Note If caller ID screening is configured and the local switch does not deliver caller IDs, the router rejects all calls.

Configure Called Party Number Verification

When multiple devices are attached to an ISDN BRI, you can ensure that only a single device answers an incoming call by verifying the number or subaddress in the incoming call against the device's configured number or subaddress or both.

You can specify that the router verify a called-party number or subaddress number in the incoming setup message for ISDN BRI calls, if the number is delivered by the switch. You can do so by configuring the number that is allowed. To configure verification, use the following command in interface configuration mode:
Command Purpose

isdn answer1 [called-party-number][:subaddress]

Specify that the router verify a called-party number or subaddress number in the incoming setup message.

Verifying the called-party number ensures that only the desired router responds to an incoming call. If you want to allow an additional number for the router, you can configure it, too.

To configure a second number to be allowed, use the following command in interface configuration mode:
Command Purpose

isdn answer2 [called-party-number][:subaddress]

Specify that the router verify a second called-party number or subaddress number in the incoming setup message.

Configure ISDN Calling Number Identification

A router with an ISDN BRI interface might need to supply the ISDN network with a billing number for outgoing calls. Some networks offer better pricing on calls in which the number is presented. When configured, this information is included in the outgoing call Setup message.

To configure the interface to identify the billing number, use the following command in interface configuration mode:
Command Purpose

isdn calling-number calling-number

Specify the calling party number.

This command can be used with all switch types except German 1TR6 ISDN BRI switches.

Configure the Line Speed for Calls Not ISDN End-To-End

When calls are made at 56 kbps but delivered by the ISDN network at 64 kbps, the incoming data can be corrupted.

However, on ISDN calls, if the receiving side is informed that the call is not an ISDN call from end to end, it can set the line speed for the incoming call.

To set the speed for incoming calls recognized as not ISDN end-to-end, use the following command in interface configuration mode:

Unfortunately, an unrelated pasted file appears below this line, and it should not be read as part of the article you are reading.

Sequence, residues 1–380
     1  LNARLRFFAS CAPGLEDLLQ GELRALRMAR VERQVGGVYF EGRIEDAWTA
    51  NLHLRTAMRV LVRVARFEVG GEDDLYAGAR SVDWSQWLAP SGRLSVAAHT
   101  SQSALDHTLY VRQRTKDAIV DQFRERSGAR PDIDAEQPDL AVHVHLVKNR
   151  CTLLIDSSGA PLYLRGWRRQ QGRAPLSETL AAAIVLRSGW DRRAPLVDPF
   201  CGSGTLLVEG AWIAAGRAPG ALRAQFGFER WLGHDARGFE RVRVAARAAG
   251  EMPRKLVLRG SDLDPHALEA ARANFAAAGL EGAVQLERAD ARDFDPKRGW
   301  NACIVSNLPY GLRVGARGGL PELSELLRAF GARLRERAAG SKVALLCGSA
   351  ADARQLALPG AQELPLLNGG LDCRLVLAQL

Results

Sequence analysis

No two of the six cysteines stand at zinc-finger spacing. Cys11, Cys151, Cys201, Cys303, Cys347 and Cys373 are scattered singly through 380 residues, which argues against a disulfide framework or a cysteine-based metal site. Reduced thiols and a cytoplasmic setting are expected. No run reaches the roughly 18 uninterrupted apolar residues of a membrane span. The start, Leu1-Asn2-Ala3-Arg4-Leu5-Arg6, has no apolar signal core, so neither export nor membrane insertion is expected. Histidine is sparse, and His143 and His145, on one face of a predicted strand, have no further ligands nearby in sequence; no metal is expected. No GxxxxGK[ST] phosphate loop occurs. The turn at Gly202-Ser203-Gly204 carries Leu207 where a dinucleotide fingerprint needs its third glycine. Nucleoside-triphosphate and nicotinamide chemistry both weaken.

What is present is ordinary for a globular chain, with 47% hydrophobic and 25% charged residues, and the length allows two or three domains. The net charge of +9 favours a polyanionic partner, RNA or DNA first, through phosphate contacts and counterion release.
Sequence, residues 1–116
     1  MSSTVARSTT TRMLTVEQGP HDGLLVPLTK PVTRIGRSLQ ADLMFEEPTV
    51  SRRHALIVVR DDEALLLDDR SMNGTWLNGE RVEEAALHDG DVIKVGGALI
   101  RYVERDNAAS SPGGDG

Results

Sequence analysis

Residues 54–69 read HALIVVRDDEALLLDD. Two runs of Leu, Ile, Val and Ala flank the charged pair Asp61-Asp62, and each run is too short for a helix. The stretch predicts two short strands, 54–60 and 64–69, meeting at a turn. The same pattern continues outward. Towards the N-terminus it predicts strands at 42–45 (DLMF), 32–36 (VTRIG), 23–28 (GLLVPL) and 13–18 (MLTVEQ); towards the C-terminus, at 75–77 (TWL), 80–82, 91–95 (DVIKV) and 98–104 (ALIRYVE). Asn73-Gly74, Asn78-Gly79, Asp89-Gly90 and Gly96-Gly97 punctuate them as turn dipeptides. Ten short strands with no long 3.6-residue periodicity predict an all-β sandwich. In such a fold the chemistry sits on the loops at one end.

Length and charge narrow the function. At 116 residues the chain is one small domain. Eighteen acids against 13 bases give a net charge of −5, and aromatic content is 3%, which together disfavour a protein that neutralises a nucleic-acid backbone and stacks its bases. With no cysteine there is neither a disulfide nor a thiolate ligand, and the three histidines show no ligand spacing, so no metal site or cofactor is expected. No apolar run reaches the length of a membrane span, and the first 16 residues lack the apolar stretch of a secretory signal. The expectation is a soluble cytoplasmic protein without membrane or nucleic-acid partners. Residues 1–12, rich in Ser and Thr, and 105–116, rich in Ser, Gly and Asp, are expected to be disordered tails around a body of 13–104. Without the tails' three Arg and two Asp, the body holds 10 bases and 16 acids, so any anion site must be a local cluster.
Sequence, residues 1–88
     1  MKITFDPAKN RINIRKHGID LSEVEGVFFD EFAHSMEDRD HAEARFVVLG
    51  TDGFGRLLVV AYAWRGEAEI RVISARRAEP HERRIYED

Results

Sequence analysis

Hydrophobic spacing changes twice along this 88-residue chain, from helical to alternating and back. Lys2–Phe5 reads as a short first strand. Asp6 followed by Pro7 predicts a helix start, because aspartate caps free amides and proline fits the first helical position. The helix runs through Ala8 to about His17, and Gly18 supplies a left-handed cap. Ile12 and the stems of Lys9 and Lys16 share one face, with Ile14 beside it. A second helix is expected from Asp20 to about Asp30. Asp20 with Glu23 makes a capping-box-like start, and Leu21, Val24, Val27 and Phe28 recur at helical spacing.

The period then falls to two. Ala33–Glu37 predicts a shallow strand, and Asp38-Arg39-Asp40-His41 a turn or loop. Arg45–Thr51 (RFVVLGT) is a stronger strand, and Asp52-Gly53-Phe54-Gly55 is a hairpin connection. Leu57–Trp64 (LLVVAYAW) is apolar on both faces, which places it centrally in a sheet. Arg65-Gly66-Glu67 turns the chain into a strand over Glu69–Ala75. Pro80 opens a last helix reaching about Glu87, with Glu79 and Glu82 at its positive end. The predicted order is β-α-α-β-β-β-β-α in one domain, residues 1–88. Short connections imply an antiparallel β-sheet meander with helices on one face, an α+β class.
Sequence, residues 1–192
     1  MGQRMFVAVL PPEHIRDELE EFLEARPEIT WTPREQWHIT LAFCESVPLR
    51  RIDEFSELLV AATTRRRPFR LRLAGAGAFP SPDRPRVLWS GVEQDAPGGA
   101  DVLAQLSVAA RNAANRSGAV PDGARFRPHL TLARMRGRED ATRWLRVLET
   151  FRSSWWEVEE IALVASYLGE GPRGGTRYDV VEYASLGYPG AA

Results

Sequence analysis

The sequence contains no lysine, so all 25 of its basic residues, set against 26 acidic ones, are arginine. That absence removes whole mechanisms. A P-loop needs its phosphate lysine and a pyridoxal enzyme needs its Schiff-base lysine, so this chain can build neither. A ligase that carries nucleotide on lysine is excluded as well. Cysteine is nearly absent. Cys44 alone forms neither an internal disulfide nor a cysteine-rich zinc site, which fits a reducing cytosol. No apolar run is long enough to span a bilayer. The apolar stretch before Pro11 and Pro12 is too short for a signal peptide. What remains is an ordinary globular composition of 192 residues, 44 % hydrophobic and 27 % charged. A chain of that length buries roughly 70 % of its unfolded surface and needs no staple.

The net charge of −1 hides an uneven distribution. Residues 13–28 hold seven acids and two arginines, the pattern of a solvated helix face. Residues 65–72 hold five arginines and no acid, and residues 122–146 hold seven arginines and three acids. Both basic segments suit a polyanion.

Command Purpose

isdn not-end-to-end {56 | 64}

Set the speed to be used for incoming calls recognized as not ISDN end-to-end.

Configure a Fast Rollover Delay

Sometimes a router attempts to dial a call on an ISDN B channel before a previous, failed call is completely torn down. The fast rollover fails because the second call is made to a different number before the B-channel is released from the unsuccessful call. This might occur in ISDN configurations where:

You need to configure this delay if a BRI on a remote peer has two phone numbers configured one for each B-channel, you are dialing into this BRI, you have a dialer map for each phone number, and the first call succeeds but a second call fails with no channel available.

To configure a fast rollover delay, use the following commands in interface configuration mode:
Command Purpose

isdn fast-rollover-delay seconds

Define a fast rollover delay.

A delay of 5 seconds should cover most cases. Configure sufficient delay to make sure the ISDN RELEASE_COMPLETE message has been sent or received before making the fast rollover call. Use the debug isdn q931 command to display this information.

This pattern of failed second calls is a rare occurrence.

Configure Inclusion of the Sending Complete Information Element

In some geographic locations, such as Hong Kong and Taiwan, ISDN switches require that the Sending Complete information element be included in the outgoing Setup message to indicate that the entire number is included. This information element is not required in other locations.

To configure the interface to include the Sending Complete information element in the outgoing call Setup message, use the following command in interface configuration mode:
Command Purpose

isdn sending-complete

Include the Sending Complete information element in the outgoing call Setup message.

Perform Configuration Self-Tests

To test the router's ISDN configuration, we suggest that you use the following commands in EXEC mode:
Command Purpose

show controllers bri number

Check Layer 1 (physical layer) of the BRI.

debug q921

Check Layer 2 (data link layer).

debug isdn events

debug q931

debug dialer

show dialer

Check Layer 3 (network layer).

See the Debug Command Reference for information about the debug commands.

Monitor and Maintain ISDN Interfaces

Use the following commands to monitor and maintain ISDN interfaces:
Command Purpose

show interfaces bri number
show interfaces bri slot/port (Cisco 7200 series)

Display information about the physical attributes of the ISDN BRI B and D  channels.

show controllers bri number
how controllers bri slot/port (Cisco 7200 series)

Display protocol information about the ISDN B and D  channels.

show isdn {active | history | memory | status | timers}